Solon urges DOJ to file raps vs Arroyo now, warns WLO is ‘wrong tack’
MANILA, Philippines—Bayan Muna Rep. Neri Javier Colmenares said on Tuesday the government’s decision to prevent Pampanga Rep. Gloria Macapagal-Arroyo from leaving the country through a watch-list order was “the wrong track” since the right to travel could not be impaired by the President in the absence of a law or a court order.
Reacting to Justice Secretary Leila de Lima’s decision to reject Arroyo’s application for travel to seek medical treatment abroad and Arroyo’s petition before the Supreme Court questioning such decision, Colmenares said the high court would most likely rule against De Lima or President Aquino here.
“Instead of violating the Constitution, the government must rather uphold it by ensuring that (ex) President Arroyo is made to account by filing cases against her,” he said.
He did recognize, though, that Arroyo might just be planning to evade prosecution for plunder charges filed against her based on her track record as a president.
Aurora Rep. Juan Edgardo “Sonny” Angara said the DOJ secretary’s decision was not final, which could be challenged in court on the basis of the right to travel being a constitutional right limited only by issues of national security, public health and public safety.
“I’m sure the DOJ has reasons for acting as it did but the Supreme Court will be the final interpreter of the Constitution in this case and I predict even the justices may have differing opinions on this issue regarding the power of the DOJ secretary to issue a hold departure order,” Angara said.
Deputy Speaker Lorenzo “Erin” Tañada and Assistant Majority Leader Romero “Miro” Quimbo said that Arroyo could always go to the Supreme Court to challenge the DOJ’s decision on her request for travel.
“GMA has still a remedy by going to the Supreme Court to question the decision of the DOJ whether there was a violation of GMA’s right to travel,” Tañada said.
Tañada, a representative of Quezon, said that having Arroyo arraigned first before allowing her to travel abroad would enable the wheels of justice to grind and allow her to answer allegations of possible wrongdoing during her presidency.
He also said that the fear of flight came from Arroyo’s poor record when it came to transparency.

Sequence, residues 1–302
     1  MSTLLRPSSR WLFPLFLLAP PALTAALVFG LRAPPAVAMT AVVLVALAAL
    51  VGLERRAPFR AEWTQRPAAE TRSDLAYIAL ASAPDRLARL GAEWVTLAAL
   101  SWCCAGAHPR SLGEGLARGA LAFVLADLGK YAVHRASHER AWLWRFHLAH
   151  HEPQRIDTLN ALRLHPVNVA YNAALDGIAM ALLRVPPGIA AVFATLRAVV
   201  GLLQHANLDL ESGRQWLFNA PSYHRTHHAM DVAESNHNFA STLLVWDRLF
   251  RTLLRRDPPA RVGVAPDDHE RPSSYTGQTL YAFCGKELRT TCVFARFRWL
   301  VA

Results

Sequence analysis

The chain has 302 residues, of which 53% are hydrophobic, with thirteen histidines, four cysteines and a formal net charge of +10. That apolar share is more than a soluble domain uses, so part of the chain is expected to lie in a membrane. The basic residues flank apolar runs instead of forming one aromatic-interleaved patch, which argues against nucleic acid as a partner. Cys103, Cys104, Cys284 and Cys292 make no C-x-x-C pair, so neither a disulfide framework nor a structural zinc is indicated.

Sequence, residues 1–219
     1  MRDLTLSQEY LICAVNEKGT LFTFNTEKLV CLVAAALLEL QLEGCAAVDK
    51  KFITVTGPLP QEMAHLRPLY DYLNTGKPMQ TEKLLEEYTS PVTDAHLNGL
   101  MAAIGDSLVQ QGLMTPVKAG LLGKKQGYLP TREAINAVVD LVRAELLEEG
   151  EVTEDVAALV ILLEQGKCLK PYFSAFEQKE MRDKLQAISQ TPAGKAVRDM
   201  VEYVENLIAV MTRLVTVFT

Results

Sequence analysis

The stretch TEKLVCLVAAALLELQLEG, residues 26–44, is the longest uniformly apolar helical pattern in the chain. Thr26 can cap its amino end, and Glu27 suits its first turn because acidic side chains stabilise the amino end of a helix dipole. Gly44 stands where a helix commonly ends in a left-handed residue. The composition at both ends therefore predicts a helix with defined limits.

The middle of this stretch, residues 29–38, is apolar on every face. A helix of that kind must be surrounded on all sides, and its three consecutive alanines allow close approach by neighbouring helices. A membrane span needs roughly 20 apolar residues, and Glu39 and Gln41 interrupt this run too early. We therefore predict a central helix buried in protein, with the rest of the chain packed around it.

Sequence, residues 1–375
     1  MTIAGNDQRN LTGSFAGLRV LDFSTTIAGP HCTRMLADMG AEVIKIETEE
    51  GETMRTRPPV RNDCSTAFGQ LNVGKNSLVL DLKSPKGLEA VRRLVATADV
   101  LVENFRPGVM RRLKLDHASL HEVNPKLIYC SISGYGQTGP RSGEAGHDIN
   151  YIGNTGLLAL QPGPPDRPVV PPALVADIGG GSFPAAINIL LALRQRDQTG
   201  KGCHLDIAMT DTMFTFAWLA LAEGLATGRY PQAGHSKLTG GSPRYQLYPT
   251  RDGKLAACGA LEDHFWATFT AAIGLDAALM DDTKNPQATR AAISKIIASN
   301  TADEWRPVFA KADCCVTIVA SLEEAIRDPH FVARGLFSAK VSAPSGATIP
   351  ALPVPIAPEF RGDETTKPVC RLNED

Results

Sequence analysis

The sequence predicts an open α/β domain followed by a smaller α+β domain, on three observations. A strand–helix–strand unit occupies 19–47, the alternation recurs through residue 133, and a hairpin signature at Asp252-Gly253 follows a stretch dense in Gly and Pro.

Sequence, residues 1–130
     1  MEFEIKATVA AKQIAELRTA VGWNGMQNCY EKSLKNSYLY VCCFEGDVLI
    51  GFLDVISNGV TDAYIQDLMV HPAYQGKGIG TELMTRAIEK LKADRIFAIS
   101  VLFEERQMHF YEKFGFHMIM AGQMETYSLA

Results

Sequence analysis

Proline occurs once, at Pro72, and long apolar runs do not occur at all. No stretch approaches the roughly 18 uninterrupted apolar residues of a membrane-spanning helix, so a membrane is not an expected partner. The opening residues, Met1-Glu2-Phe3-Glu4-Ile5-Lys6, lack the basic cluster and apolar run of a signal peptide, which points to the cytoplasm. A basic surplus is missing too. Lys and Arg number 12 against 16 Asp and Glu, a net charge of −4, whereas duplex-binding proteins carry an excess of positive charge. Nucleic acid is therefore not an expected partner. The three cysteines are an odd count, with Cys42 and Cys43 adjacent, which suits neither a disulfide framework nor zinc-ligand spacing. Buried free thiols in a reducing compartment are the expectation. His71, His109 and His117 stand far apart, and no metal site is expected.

“That is why I go back to the question, ‘Is it life threatening’? If the life of the former president would not be put in jeopardy in the next month or so, then is it a possibility that we can wait another month or so before allowing her to leave?” Tañada asked.
Marikina Rep. Romero “Miro” Quimbo said on Tuesday that De Lima’s decision to place Arroyo on watch-list based on a DOJ circular authorizing the justice secretary to issue a hold departure order against certain individuals was a valid action.
He said it would be up to the Supreme Court to make a final determination of whether the DOJ decision was unconstitutional or valid.
Informed about the opinions from legal luminaries such as Fr. Joaquin Bernas, Senate President Juan Ponce Enrile and Senator Franklin Drilon in favor of Arroyo’s right to travel, Quimbo said their opinions would not matter since they were not members of the Supreme Court.
In the same way, Quimbo said only medical specialists, not members of Congress, could determine whether Arroyo’s ailment might be life-threatening or if there was indeed urgency in her request to travel.
“We have to keep going back to the issue which is really the urgency of the medical procedure that she is seeking which I think should be the sole basis for the decision, whether there is a danger of flight. I think the threat to life is far superior than the threat of flight,” Quimbo said.
“The right to travel can happen anytime. What is being discussed here is really the degree or urgency and the validity of the reason for travel. It doesn’t matter whether it is (made) after or before the arraignment (of Mrs. Arroyo for various plunder and poll rigging charges),” Quimbo said.
San Juan Rep. JV Ejercito said Arroyo was really bent on leaving the country to escape prosecution.
“Because they have intended to go to many countries, including those without extradition treaty (with the Philippines), malinaw na malinaw na gustong tumakas! (it’s very clear that she wants to escape),” Ejercito said.
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